Mark Bini

On Corporate-Startup Collaboration: Mark Bini of Express Scripts

It’s no secret that St. Louis’ size allows for unique collaborations. Startups are able to gain access to corporate leadership and big businesses can feed off of the growing energy in the innovation space. We asked leaders in the startup space, corporate space and community to speak on what each sector can learn from one another and about what’s happening right now in our region.

mark bini
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Mark Bini is vice president of new solutions for Express Scripts.

What are some things that startups need support on that larger enterprises can provide? What are challenges that larger enterprises have that startups can help solve?

Startups benefit from our industry reach: 1 in 3 Americans. We work with startups to create unique solutions addressing key pain points for clients and members.

What are three ways corporate-startup collaborations benefit the region?

Collaborations bring light to gifted entrepreneurs who may not otherwise have opportunities. This further positions St. Louis as a hotspot for tech startups and attracts talent.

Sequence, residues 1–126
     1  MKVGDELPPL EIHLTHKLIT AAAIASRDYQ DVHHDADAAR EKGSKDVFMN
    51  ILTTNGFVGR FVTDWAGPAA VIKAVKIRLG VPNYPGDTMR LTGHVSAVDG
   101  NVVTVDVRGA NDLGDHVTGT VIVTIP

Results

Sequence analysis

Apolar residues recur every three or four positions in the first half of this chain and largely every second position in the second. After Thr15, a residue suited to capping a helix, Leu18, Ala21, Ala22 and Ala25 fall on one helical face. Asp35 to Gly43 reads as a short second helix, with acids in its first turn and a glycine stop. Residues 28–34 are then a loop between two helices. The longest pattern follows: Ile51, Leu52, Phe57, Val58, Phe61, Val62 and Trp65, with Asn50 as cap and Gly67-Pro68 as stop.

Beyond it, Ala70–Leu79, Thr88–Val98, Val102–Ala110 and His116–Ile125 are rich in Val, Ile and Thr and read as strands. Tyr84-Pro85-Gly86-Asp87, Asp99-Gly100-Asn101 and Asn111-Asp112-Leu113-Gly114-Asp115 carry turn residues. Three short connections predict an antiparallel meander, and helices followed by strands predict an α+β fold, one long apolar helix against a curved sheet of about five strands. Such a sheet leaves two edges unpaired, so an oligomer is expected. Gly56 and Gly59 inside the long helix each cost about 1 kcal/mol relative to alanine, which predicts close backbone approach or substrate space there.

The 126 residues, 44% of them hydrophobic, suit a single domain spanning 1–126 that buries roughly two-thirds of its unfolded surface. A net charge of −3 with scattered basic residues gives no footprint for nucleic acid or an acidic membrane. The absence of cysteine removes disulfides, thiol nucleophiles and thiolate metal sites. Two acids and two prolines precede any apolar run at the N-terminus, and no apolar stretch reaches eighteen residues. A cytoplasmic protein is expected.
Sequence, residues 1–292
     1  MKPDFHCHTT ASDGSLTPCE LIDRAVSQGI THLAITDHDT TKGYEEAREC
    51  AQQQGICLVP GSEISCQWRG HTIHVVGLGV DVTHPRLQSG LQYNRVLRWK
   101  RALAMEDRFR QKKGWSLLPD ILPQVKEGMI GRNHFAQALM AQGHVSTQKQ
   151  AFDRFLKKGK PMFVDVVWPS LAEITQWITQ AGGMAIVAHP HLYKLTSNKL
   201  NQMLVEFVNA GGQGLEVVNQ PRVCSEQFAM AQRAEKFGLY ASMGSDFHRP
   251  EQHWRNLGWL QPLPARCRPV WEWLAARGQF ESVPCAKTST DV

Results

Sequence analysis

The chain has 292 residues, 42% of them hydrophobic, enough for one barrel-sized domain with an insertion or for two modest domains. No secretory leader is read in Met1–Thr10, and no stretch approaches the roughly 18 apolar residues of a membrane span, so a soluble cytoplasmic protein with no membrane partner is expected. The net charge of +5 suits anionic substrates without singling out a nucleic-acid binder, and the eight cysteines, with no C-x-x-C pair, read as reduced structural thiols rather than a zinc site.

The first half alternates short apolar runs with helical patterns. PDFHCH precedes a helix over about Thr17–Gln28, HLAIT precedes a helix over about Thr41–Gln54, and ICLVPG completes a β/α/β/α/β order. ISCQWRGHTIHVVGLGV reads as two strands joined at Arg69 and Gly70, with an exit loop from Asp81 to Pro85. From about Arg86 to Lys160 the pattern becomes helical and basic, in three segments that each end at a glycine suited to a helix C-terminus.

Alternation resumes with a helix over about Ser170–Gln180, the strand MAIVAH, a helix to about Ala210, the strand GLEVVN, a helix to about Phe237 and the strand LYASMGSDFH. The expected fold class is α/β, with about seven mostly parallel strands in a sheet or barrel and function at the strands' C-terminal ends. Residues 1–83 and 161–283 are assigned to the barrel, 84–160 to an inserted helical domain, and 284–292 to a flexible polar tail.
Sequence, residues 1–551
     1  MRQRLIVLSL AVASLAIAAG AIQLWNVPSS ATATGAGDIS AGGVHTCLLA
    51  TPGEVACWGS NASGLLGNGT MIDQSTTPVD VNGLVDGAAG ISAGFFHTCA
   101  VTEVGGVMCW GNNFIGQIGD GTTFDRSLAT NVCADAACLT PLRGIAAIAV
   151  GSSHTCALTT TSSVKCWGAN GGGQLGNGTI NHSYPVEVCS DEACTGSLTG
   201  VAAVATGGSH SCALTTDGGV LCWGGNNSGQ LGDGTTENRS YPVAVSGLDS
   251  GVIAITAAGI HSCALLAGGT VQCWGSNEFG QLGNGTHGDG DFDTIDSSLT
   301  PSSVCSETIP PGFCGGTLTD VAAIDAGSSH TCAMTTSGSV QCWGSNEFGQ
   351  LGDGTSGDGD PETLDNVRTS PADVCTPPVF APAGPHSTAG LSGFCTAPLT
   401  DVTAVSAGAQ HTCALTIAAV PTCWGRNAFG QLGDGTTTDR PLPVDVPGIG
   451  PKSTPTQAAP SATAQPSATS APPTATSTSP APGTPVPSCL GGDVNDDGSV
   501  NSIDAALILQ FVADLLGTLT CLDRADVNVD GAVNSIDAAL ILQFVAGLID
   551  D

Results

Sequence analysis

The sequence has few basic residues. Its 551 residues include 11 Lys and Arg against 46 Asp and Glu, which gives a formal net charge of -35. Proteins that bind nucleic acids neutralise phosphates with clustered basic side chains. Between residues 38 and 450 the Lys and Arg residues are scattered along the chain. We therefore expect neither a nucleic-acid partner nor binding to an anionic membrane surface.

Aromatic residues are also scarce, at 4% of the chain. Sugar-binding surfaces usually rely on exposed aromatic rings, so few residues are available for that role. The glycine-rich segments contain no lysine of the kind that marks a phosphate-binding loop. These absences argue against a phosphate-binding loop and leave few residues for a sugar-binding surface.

How has your organization or company created or facilitated corporate-startup partnerships?

We support startups with mentoring and funding. Last year, we committed $25 million to Lewis & Clark Ventures Fund for healthcare innovation.

What’s one challenge in creating these partnerships?

We recently sponsored an event at Venture Café that included startup pitches, panel discussions, virtual tours of our innovation lab and networking.

In the future, what are some levels of engagement you’d like to see happen at your organization, in terms of startup-corporate relationships?

With the Lewis & Clark Ventures Fund, we’ll likely focus investments in healthcare IT and solutions that can increase prescription drug adherence and improve public health.

Read more about how Express Scripts drives innovation.

Mentioned in this Article

Mary writes for EQ and previously contributed to ALIVE Magazine and worked in the digital marketing field as an account manager. A central Illinois native, she got her news-editorial journalism degree from the University of Illinois and then moved to St. Louis so she wouldn’t have to be around as many Cubs fans. Then she married one.

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